If after a long time of regular training (at least 2 years), in which you went through beginner and intermediate training routines, you see that you are not making progress, even though adhering to the basic rules (proper nutrition and recovery), you probably should consider going to the next advancement level. Let us call it a beginner advanced routine.
As representatives of intermediate level, you worked out 4 times a week, training each muscle group twice a week. After some time your muscles adapted to the stimulation and did not show traces of further growth. This means that the time has come to go to the next level, that is, to increase the intensity of workouts by increasing the number of exercises for each group of muscles. What you need to do is add one exercise for each muscle group. In this way you will “attack” your muscles comprehensively, and stimulate them better. Remember that as you increase the number of exercises for each muscle group and, consequently, the number of series, your workouts will take more time, which may lead to fatigue or overtraining. You surely want to avoid this!
In such case, you have no option but to increase the number of workouts. A three-day split will be the best solution here.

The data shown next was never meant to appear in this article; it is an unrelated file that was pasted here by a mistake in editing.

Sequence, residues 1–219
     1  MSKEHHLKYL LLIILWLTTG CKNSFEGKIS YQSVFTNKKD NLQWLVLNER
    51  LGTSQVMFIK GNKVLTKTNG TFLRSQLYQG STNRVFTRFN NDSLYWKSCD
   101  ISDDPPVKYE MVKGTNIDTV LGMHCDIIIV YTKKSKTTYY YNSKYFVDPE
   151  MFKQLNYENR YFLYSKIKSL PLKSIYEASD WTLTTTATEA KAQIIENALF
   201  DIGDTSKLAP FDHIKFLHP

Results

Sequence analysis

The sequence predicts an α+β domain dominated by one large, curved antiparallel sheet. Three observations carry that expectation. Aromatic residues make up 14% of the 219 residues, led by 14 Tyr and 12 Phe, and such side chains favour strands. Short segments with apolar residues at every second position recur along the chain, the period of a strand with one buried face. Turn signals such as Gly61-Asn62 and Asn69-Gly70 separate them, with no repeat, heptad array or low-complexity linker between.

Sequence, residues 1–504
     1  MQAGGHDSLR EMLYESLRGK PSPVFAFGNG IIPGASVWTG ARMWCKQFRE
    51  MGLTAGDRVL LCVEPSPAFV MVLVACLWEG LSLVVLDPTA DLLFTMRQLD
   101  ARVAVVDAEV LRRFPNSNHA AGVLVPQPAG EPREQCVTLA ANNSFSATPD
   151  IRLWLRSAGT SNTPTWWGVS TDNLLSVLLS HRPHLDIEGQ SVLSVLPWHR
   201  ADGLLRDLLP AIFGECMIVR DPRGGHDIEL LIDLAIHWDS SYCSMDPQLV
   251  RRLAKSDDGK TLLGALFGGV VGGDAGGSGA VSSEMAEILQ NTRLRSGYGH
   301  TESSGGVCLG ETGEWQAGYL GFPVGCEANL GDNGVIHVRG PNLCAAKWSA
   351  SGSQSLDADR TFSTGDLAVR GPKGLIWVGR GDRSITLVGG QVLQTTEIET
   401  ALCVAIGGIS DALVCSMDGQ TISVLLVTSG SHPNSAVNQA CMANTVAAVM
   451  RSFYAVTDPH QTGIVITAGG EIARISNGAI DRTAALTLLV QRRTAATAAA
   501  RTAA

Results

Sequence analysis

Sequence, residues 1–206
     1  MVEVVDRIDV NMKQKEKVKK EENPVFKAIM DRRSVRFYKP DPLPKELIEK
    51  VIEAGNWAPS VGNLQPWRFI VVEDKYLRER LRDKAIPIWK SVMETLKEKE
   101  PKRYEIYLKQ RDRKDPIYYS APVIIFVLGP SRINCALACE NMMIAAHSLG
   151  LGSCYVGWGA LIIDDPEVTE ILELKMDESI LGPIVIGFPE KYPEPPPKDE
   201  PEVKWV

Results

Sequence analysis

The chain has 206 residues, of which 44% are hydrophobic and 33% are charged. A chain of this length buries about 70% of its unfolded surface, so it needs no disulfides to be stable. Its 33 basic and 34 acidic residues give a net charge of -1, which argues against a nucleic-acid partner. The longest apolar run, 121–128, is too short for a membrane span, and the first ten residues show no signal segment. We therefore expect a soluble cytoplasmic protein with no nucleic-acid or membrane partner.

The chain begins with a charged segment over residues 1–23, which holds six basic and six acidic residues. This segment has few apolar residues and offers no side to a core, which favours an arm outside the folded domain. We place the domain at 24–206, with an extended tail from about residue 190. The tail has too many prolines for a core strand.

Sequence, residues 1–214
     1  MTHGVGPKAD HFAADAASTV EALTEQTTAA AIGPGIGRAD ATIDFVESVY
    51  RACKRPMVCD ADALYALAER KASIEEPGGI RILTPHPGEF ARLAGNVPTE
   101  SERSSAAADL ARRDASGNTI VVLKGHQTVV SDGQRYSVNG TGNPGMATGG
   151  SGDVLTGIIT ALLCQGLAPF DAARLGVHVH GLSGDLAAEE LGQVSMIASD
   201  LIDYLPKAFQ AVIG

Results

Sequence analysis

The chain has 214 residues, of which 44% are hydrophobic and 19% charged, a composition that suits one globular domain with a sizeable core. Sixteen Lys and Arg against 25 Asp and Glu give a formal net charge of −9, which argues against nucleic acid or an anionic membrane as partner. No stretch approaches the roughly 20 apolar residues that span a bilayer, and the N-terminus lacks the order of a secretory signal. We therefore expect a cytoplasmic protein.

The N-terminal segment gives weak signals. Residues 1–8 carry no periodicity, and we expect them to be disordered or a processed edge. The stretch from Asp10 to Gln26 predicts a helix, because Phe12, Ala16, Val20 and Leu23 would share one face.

How to elaborate an effective 3-day system?
All workouts should be similar in terms of content, effort and time, meaning that the duration of all sessions should be similar and that you should feel equally exhausted after each. Remember not to train synergistic (ancillary) muscles during the same session or on the day preceding the workout for the main muscle group. For instance, what you should avoid is working on your biceps on Monday and on your back on Tuesday, as the majority of intense back exercises involve the biceps and if you tire it out the day before, it will probably not manage to recover until the day after, as a result of which you will have to cut down on the weights when training your back, preventing the optimum growth of your muscles.
When arranging a beginner split, pay attention to the order in which you exercise individual muscle groups during each session. Always start your workout with the biggest muscle parts of the upper body: the blood is pumped easier downwards than upwards.
Examples of workouts:
- Front Lat Pull Down, 3×8-10
- Bent Over Dumbbell Raise, 3×8-10
- Seated Cable Row, 3×8-10
- Deadlift, 3×10-12
- Incline Bench Barbell Press, 3×8-10
- Incline Bench Dumbbell Press, 3×8-10
- Dumbbell Flys, 3×10-12
- Seated Dumbbell Press 3×8-10
- Dumbbell Lateral Raise, Standing, 3×10-12
- Bent Over Dumbbell Raise, 3×12-15
- Alternating dumbbell front raise (standing), 4×15-12
- EZ Bar Preacher Curl, 3×15
- Lying EZ Bar French Press, 4×12-18
- Standing Cable Horizontal Triceps Extension, 3×12-10
- 45 Degree Leg Presses, 3×10-12
- Deep Squats, 3×10-12
- Walking Lunges, 3×12-15
- Leg Curl, 3×10-12
- Stiff Leg Deadlift, 3×10-12
THIGHS, CALVES, ABDOMEN
- Toe Stands (standing), 3×15-20
- Toe Stands (seated), 3×15-20
- Kneeling Cable Crunches, 3×20-25
- Parallel Bar Bent Leg Raise, 3×20-25
Depending on your recovery capability, you can perform the workout described above in one of the following systems: 2 training days with one day off, 3 days ON with one day OFF or 6 consecutive days of training and one day off.